Share Email Print
cover

Proceedings Paper

Multi-voxel algorithm for quantitative bi-exponential MRI T1 estimation
Author(s): P. Bladt; G. Van Steenkiste; G. Ramos-Llordén; A. J. den Dekker; J. Sijbers
Format Member Price Non-Member Price
PDF $14.40 $18.00

Paper Abstract

Quantification of the spin-lattice relaxation time, T1, of tissues is important for characterization of tissues in clinical magnetic resonance imaging (MRI). In T1 mapping, T1 values are estimated from a set of T1-weighted MRI images. Due to the limited spatial resolution of the T1-weighted images, one voxel might consist of two tissues, causing partial volume effects (PVE). In conventional mono-exponential T1 estimation, these PVE result in systematic errors in the T1 map. To account for PVE, single-voxel bi-exponential estimators have been suggested. Unfortunately, in general, they suffer from low accuracy and precision. In this work, we propose a joint multi-voxel bi-exponential T1 estimator (JMBE) and compare its performance to a single-voxel bi-exponential T1 estimator (SBE). Results show that, in contrast to the SBE, and for clinically achievable single-voxel SNRs, the JMBE is accurate and efficient if four or more neighboring voxels are used in the joint estimation framework. This illustrates that, for clinically realistic SNRs, accurate results for quantitative biexponential T1 estimation are only achievable if information of neighboring voxels is incorporated.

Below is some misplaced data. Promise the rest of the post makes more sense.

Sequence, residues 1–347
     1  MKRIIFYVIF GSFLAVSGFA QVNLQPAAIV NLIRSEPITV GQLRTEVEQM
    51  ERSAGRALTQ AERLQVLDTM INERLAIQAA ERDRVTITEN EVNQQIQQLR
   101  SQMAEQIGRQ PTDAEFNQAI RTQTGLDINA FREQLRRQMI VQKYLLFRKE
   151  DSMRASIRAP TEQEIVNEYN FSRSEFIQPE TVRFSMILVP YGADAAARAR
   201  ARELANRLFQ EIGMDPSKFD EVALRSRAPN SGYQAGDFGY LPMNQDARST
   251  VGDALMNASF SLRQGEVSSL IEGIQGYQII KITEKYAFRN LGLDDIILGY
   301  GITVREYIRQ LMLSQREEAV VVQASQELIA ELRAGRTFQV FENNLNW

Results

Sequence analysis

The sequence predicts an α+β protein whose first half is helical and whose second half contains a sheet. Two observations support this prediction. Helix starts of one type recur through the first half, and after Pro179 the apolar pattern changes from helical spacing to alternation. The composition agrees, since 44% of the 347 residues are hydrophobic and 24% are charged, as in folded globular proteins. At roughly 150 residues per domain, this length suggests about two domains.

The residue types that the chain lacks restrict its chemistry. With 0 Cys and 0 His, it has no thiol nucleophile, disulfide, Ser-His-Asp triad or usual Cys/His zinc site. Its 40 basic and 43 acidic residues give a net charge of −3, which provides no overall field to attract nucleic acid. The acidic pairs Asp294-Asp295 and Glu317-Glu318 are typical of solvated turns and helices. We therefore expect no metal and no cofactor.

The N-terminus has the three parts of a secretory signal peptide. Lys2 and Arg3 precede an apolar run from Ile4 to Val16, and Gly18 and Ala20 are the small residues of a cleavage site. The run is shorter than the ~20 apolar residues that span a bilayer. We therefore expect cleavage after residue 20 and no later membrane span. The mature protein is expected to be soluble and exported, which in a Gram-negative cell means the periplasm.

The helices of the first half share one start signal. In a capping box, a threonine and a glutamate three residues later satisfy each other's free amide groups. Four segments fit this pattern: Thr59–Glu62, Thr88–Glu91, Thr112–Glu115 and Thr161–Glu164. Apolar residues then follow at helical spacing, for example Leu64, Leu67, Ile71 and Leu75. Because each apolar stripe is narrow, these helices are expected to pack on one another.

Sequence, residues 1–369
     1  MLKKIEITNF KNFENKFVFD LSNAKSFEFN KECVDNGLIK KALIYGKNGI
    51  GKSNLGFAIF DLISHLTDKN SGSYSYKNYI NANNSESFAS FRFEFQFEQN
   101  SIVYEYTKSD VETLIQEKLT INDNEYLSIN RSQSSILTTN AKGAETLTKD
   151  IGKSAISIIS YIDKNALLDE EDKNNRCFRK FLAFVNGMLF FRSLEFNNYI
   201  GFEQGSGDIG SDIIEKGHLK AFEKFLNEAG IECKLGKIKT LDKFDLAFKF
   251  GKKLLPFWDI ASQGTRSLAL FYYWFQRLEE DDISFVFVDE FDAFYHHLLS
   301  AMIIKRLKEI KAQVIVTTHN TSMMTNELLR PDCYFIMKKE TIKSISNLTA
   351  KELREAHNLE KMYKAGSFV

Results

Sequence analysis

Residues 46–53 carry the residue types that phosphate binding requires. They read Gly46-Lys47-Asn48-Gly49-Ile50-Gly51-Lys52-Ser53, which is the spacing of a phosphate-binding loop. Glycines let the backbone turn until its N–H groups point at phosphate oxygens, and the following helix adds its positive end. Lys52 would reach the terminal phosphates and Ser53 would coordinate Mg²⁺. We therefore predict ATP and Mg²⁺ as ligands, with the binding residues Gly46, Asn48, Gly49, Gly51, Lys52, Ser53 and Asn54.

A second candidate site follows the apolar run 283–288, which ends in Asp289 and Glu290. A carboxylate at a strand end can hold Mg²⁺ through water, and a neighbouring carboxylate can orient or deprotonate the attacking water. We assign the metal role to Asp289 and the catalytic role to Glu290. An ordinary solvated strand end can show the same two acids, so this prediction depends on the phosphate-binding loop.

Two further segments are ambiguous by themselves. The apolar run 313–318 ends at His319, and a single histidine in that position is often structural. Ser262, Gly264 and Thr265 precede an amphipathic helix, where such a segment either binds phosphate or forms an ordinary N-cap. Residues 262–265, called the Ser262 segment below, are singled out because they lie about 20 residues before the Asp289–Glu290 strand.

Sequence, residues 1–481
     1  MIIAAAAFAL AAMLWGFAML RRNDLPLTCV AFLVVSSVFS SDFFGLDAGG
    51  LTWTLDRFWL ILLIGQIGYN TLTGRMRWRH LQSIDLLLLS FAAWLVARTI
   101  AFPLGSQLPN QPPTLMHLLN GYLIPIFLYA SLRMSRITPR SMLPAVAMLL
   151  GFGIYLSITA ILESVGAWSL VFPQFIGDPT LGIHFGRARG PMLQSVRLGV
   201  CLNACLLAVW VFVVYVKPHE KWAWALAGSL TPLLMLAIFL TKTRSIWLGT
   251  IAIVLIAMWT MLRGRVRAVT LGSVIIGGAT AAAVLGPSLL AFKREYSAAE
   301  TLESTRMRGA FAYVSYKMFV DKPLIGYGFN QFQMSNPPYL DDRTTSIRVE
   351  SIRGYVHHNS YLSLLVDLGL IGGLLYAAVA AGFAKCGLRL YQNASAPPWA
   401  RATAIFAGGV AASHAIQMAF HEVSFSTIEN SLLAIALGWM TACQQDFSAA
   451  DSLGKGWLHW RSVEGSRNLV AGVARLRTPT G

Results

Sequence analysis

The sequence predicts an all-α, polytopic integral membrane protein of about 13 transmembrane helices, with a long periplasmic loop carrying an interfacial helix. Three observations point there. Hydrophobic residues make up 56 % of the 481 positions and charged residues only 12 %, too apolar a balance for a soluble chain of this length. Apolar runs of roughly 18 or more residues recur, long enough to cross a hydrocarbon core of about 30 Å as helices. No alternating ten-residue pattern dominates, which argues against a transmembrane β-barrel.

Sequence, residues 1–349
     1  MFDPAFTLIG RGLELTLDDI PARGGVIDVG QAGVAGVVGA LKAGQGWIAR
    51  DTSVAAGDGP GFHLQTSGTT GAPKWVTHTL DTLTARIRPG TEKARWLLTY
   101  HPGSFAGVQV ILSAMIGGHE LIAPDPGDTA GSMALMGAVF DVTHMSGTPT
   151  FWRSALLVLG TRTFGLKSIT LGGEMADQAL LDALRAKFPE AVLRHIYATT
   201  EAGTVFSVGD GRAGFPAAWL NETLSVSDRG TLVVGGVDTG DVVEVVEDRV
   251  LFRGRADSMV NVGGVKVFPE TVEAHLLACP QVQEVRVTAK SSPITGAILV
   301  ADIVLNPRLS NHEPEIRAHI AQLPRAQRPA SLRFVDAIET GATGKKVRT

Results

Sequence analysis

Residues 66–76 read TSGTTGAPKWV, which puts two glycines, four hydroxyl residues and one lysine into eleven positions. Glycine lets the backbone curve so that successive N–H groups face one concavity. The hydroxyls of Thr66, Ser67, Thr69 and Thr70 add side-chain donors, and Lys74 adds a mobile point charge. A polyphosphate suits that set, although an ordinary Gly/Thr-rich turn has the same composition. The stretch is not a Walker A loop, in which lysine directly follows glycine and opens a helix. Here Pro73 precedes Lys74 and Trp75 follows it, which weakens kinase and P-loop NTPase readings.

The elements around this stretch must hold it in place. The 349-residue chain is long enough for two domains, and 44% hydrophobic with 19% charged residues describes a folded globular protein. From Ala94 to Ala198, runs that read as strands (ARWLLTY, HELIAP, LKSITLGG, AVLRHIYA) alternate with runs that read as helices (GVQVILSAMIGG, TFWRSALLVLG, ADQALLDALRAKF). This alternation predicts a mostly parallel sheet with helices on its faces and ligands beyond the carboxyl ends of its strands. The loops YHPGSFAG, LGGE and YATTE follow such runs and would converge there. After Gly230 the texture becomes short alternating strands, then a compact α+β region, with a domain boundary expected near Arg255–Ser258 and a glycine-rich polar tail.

Paper Details

Date Published: 21 March 2016
PDF: 14 pages
Proc. SPIE 9784, Medical Imaging 2016: Image Processing, 978402 (21 March 2016); doi: 10.1117/12.2216831
Show Author Affiliations
P. Bladt, Univ. of Antwerp (Belgium)
G. Van Steenkiste, Univ. of Antwerp (Belgium)
G. Ramos-Llordén, Univ. of Antwerp (Belgium)
A. J. den Dekker, Univ. of Antwerp (Belgium)
Delft Univ. of Technology (Netherlands)
J. Sijbers, Univ. of Antwerp (Belgium)


Published in SPIE Proceedings Vol. 9784:
Medical Imaging 2016: Image Processing
Martin A. Styner; Elsa D. Angelini, Editor(s)

© SPIE. Terms of Use
Back to Top